While it’s not absolutely necessary, hospitals that have enough resources should prepare themselves to report clinical quality measures electronically to CMS in 2014. That, at least, is the advice two Advisory Board Co. consultants had to share in a recent blog post, Information Week reports.
Doing so will save them a great deal of time on manual chart abstraction. What’s more, it will prepare them for the electronic reporting mandate CMS is expected to issue after 2014, according to consultants Robin Raiford and Anantachai Panjamapirom.
Choosing the electronic reporting option for next year has other some advantages, too. Hospitals that do so are taking the next step in aligning the reporting of CQMs in the CMS Inpatient Quality Reporting program and Meaningful Use, they remind us.
Hospitals that choose to report electronically next year can submit patient-level data digitally on the 16 CQMs required for Meaningful Use; meanwhile, they’ll have that data count toward the IQR requirement that they report on 57 CQMs that include those 16 measures.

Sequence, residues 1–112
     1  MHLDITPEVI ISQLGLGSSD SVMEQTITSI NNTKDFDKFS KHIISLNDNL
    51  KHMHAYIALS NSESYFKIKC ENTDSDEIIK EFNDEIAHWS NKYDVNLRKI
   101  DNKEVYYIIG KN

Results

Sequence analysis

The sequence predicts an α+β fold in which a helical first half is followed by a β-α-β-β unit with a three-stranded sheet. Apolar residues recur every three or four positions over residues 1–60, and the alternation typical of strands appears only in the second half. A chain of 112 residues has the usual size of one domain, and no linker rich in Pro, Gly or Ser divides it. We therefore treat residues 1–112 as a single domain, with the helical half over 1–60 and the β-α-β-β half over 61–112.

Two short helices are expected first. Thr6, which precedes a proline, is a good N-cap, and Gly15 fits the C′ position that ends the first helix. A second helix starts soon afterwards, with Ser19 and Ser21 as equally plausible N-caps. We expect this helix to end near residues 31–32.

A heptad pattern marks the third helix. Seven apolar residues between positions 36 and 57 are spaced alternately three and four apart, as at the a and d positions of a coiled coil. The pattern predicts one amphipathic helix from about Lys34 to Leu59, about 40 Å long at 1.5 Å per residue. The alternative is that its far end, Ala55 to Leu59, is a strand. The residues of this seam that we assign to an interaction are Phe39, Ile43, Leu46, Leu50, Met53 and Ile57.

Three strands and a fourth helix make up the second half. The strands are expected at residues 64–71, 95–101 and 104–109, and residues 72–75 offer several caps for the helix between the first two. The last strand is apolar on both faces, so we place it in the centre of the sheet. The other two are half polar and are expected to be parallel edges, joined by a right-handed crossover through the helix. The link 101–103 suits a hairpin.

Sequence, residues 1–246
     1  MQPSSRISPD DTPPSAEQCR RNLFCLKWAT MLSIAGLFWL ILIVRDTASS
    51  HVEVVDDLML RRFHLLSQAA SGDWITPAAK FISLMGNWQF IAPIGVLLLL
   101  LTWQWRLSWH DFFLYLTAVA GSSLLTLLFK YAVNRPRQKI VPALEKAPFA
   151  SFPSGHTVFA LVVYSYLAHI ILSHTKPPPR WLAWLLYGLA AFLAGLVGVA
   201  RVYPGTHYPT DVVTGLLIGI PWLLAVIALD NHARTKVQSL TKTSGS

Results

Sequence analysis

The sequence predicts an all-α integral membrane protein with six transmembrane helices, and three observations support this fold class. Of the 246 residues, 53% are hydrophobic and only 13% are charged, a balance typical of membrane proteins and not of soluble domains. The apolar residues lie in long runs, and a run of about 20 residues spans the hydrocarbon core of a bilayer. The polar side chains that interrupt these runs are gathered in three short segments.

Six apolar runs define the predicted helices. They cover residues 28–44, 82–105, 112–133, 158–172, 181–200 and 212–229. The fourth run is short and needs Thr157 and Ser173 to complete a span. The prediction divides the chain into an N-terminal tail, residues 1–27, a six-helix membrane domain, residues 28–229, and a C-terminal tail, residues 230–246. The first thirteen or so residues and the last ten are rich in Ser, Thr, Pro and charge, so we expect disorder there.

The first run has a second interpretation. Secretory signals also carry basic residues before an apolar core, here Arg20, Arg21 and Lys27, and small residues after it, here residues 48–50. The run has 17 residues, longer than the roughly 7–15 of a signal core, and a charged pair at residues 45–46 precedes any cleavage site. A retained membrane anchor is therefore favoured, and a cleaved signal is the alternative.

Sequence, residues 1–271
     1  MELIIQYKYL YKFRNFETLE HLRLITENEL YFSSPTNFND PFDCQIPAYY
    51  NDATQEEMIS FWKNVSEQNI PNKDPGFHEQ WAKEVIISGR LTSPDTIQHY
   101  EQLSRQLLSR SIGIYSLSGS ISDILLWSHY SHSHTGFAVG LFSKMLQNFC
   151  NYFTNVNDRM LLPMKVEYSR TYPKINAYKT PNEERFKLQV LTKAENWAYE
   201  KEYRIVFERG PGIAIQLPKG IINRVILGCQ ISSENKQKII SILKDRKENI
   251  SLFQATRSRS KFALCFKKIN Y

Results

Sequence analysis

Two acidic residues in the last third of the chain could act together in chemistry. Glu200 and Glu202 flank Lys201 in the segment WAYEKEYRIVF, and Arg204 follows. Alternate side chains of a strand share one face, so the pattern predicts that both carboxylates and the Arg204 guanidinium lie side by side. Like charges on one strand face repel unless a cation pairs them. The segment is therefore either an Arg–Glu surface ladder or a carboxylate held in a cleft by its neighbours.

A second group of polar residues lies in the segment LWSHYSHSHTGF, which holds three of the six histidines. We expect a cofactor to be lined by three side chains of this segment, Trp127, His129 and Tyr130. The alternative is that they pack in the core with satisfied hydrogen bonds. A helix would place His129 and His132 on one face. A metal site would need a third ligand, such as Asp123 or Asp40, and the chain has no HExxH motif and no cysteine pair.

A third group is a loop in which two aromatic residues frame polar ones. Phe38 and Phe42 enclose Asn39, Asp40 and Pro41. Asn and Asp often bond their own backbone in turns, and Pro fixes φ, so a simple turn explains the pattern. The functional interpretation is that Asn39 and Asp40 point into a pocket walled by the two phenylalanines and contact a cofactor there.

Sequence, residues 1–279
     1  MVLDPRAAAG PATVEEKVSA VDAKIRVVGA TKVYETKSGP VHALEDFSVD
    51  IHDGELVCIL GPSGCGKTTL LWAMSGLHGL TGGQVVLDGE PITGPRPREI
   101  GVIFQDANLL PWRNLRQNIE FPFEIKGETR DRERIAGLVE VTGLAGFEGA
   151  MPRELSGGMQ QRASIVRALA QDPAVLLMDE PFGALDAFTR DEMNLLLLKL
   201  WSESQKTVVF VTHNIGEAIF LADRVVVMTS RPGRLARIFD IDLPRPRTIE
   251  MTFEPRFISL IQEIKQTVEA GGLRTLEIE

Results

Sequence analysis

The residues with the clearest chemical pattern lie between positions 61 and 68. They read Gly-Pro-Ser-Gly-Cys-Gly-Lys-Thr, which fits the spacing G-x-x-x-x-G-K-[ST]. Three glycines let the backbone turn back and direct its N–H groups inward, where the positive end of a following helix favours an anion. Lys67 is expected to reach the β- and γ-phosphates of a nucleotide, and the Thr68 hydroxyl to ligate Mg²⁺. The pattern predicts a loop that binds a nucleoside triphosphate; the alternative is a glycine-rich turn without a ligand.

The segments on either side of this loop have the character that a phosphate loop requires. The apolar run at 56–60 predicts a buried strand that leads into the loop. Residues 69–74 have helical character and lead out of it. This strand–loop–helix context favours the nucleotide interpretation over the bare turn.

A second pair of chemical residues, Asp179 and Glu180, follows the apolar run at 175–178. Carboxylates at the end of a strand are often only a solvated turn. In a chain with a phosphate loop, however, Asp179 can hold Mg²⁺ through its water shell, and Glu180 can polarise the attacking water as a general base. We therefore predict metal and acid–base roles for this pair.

Not only that, they’ll only have to report electronically on the aligned measures for a single quarter, though the IQR reporting. Is the full calendar year.
As the consultants point out, hospitals can continue to report CQMs separately for each program. But it multiplies the work they must do. In that case, they’ll have to use manual chart abstraction to collect data for all the CQMs in the IQR program. And they’ll have to submit aggregated quality data by attestation to the Meaningful Use program.
The reward for submitting electronically can be great. According to CMS’s own calculations, in the 2014 final rule for the Inpatient Prospective Payment System, hospitals that report electronically will save 800 hours on average over those that engage in manual chart abstraction.
In theory, Information Week notes, this should be a “no-brainer” for hospitals, but at least during the Meaningful Use Stage 1 reporting period, many hospitals found it difficult to impossible to harvest the quality data they needed electronically.
But now, with hospitals at Meaningful Use Stage 2, data harvesting problems have largely been resolved, Raiford told the magazine. By the fiscal fourth quarter, Raiford expects to see far more hospitals reporting electronically.